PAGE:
Can someone remind me, why variables.instance?

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Henry

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Feb 10, 2009, 6:28:08 PM2/10/09
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Can someone remind me, why store instance variables in
variables.instance? Where are the benefits?

Thanks,
Henry Ho

Peter Bell

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Feb 10, 2009, 6:31:39 PM2/10/09
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So the names of the instance variables don't potentially conflict with
method names, and so you have a single struct you can operate on where
all of the keys are simple variables, not methods or anything else.

Best Wishes,
Peter

Jared Rypka-Hauer

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Feb 10, 2009, 6:29:46 PM2/10/09
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It keeps your instance data disentangled with private functions and
the variable's scope handle on THIS, so it makes it easy to do things
like <cfset MyCfc.setMemento(structOfData)> and load a whole
instance's instance data at once.

It's easier to dump data without dumping funcitons. :)

Beyond that not much.

J

Jared Rypka-Hauer

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Feb 10, 2009, 6:39:32 PM2/10/09
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Hrm... so you keep nested structs and CFC instances out of
variables.instance??

That's not how Transfer works, for example, because Transfer's
"memento" is actually a copy of the instance data for an object and
all it's composites. So if you have User.getAddressArray(),
User.getRolesArray() and User.getEmployer(), if you call
User.getMemento() you'll actually have at least 3 keys with complex
data.

J

Peter Bell

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Feb 10, 2009, 6:44:39 PM2/10/09
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Yeah, sorry I misspoke. You're right - the instances contains
properties which could be objects, arrays, structs, etc. But I'm
sitting in Ben Nadels jQuery preso and trying to pay attention!

Henry

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Feb 10, 2009, 6:48:59 PM2/10/09
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On Feb 10, 3:29 pm, Jared Rypka-Hauer <armchairde...@gmail.com> wrote:

> It's easier to dump data without dumping funcitons. :)

Charlie's presentation just reminded me that <cfdump showUDFs = "yes|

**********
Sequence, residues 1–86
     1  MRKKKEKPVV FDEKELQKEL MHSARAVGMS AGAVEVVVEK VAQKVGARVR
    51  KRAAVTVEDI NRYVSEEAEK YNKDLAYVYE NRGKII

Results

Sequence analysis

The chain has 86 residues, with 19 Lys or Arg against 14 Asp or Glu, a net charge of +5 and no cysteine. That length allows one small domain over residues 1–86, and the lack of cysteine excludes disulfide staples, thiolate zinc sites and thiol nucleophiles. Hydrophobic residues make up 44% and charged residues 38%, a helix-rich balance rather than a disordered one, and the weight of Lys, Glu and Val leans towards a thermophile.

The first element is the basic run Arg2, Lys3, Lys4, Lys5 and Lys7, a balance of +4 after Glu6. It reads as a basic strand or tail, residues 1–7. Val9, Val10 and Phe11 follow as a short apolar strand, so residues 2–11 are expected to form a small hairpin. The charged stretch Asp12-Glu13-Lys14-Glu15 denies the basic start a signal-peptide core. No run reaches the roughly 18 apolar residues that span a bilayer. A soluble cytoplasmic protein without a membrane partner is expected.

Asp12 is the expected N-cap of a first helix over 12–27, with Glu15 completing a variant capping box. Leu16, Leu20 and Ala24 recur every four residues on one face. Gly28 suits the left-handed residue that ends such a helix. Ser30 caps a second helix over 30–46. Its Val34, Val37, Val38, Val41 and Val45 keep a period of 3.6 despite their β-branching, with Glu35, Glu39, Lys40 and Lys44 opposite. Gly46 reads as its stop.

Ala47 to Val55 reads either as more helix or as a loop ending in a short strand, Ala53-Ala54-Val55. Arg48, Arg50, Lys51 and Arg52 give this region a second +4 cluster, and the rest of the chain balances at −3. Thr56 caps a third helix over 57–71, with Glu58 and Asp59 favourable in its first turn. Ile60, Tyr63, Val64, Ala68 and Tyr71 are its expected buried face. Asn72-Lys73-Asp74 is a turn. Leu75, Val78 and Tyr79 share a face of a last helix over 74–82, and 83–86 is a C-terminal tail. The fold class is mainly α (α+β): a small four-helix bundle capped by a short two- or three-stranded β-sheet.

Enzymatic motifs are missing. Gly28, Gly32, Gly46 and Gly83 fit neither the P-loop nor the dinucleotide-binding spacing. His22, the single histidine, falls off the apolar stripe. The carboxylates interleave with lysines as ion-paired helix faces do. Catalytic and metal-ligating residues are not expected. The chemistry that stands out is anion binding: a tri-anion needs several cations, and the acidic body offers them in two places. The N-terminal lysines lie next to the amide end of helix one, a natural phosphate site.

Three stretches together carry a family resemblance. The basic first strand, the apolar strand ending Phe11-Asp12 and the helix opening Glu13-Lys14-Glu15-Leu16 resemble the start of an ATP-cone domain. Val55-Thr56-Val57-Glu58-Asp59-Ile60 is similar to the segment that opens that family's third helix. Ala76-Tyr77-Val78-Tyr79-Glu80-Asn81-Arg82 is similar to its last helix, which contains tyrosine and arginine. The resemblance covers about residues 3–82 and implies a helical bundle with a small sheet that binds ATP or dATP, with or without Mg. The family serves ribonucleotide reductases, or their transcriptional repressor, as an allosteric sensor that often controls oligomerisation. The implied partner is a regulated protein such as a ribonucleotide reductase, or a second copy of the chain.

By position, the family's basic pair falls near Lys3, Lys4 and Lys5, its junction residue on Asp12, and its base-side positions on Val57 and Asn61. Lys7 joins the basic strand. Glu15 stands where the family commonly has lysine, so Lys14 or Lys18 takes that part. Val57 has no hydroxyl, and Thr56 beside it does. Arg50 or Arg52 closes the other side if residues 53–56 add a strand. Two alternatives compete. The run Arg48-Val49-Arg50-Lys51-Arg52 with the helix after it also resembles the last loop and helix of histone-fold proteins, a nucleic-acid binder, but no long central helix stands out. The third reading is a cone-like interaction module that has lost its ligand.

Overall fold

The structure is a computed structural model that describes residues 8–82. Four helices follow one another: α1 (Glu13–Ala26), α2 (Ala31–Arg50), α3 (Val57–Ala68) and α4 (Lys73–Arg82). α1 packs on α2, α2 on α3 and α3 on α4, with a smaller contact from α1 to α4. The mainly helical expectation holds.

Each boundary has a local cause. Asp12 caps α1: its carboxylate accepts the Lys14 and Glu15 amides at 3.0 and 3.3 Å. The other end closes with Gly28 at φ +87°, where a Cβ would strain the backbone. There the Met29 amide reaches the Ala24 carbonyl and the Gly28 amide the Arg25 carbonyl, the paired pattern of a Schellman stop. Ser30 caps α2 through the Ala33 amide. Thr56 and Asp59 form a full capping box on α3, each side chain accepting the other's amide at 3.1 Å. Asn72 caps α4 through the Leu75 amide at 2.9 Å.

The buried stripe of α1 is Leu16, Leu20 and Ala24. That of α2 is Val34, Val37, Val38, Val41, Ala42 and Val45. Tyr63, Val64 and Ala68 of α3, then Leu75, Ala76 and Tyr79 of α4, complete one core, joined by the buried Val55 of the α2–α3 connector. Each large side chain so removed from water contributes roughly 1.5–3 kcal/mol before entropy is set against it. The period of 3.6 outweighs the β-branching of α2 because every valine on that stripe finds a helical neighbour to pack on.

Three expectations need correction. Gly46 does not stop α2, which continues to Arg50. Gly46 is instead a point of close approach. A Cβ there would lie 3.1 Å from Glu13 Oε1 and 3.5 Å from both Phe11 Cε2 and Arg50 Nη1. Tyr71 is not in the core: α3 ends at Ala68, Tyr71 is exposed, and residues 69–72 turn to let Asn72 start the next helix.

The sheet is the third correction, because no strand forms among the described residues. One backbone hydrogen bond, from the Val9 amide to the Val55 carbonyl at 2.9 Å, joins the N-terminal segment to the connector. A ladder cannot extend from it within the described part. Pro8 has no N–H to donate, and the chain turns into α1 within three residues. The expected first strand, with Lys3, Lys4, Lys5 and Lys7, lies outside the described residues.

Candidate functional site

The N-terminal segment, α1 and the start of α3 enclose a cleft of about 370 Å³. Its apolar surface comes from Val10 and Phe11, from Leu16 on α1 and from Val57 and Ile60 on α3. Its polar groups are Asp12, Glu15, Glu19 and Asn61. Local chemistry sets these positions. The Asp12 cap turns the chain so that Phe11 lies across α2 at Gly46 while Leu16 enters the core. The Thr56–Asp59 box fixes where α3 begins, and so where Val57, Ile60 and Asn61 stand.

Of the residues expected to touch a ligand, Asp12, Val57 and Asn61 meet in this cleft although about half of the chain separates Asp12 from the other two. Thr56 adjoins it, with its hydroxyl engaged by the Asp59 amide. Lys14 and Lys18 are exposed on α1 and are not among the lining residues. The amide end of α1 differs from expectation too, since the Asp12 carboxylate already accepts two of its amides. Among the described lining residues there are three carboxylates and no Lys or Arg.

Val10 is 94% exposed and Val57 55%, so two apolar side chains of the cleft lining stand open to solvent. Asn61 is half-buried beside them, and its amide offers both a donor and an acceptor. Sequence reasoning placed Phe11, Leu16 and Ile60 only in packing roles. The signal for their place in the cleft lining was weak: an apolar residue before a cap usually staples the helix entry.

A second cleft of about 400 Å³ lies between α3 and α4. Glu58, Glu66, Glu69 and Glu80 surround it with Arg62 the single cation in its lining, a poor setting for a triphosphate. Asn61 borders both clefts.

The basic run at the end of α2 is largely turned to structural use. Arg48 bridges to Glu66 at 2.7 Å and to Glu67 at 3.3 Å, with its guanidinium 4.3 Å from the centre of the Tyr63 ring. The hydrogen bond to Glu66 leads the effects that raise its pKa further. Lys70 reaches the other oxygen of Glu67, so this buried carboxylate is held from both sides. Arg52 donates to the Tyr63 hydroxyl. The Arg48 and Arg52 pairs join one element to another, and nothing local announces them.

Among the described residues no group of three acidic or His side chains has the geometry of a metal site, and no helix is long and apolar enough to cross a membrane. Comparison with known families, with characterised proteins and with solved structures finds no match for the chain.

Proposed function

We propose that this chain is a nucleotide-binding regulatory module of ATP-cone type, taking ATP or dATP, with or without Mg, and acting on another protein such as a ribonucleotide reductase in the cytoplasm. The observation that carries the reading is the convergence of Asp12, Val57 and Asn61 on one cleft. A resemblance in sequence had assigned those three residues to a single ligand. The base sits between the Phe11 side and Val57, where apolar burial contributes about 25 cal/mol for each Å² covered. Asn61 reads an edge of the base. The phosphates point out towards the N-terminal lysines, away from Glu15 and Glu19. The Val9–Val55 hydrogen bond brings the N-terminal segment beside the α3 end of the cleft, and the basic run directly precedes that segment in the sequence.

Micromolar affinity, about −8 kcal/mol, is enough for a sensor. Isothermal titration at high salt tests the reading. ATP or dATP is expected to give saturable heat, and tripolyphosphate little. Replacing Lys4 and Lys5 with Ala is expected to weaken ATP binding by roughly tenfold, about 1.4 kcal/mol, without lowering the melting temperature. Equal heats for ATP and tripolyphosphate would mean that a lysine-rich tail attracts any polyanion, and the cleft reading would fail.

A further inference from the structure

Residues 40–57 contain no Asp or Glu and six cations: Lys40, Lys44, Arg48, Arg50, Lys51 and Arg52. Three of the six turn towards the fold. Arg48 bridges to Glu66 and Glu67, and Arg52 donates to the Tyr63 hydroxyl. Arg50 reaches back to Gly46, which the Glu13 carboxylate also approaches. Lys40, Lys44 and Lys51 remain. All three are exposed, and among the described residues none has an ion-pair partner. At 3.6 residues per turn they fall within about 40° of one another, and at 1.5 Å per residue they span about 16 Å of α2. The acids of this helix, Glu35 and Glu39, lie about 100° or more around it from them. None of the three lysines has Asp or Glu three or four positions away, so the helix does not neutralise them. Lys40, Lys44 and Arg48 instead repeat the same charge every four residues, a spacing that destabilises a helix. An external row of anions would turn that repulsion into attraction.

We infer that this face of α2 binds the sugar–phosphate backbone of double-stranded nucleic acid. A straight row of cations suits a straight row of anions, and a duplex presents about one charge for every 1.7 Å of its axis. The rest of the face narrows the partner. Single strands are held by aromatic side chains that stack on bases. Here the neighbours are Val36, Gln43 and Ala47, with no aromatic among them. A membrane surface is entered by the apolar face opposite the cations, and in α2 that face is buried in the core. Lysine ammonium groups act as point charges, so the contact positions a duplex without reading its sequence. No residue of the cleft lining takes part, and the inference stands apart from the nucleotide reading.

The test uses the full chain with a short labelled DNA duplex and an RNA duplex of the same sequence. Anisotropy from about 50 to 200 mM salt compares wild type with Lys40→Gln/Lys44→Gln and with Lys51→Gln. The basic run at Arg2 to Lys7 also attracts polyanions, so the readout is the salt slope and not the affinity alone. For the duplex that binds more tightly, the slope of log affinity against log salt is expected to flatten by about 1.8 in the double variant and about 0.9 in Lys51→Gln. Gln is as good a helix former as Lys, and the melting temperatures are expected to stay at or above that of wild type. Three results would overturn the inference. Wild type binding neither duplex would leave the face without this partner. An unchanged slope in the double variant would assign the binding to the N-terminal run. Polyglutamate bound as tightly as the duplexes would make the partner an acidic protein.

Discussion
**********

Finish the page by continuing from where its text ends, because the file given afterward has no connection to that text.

no"> is added to CF8. And that's why I ask this question to see if
this new cfdump attribute alone can justify not using
variables.instance anymore. :)


Henry Ho

Henry

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Feb 10, 2009, 6:51:29 PM2/10/09
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btw, here's the presentation:

ColdFusion 8 Best Kept Secrets @ Max NA 2008
http://tv.adobe.com/#vi+f15384v1088


Henry Ho

Jared Rypka-Hauer

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Feb 10, 2009, 6:49:53 PM2/10/09
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Well then stop sending email, you crazyman! ;)

J

Oscar Arevalo

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Feb 10, 2009, 6:53:57 PM2/10/09
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Even with that addition to cfdump I find that putting all my instance variables under one struct is always helpful since it makes it easier to look at the "state" of the object at any given time, as well as making it easier to set/get memento when needed. In the same token I sometimes find useful to use a different struct at the variables level for constants or values that you dont expect to change or be dynamic but still want to declare in just one place. i.e. variables.constants = {PI: 3.14, G : 9.8 } or something like that.
--
Oscar Arevalo
http://www.oscararevalo.com

Barney Boisvert

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Feb 10, 2009, 6:57:22 PM2/10/09
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While that's a benefit, it doesn't protect you from naming collisions
between fields and methods.

I like having a separate struct (I always use 'my' - an old habit) for
two reasons. First, I put instance state into the 'my' scope, and I
put transient state (constants, for example) into the variables scope
directly. This always gives access to just the instance state.
Second, it helps when reading, the 'my' prefix clearly indicates that
the variable in question is NOT a local var or an argument, it's an
instance variable. I endeavour to always use a 'variables' prefix for
the variables scope, a 'my' or 'variables.my' prefix for the 'my'
scope, and then the only unscoped references are either local or query
vars.

cheers,
barneyb

On Tue, Feb 10, 2009 at 3:48 PM, Henry <henry...@gmail.com> wrote:
>
--
Barney Boisvert
bboi...@gmail.com
http://www.barneyb.com/
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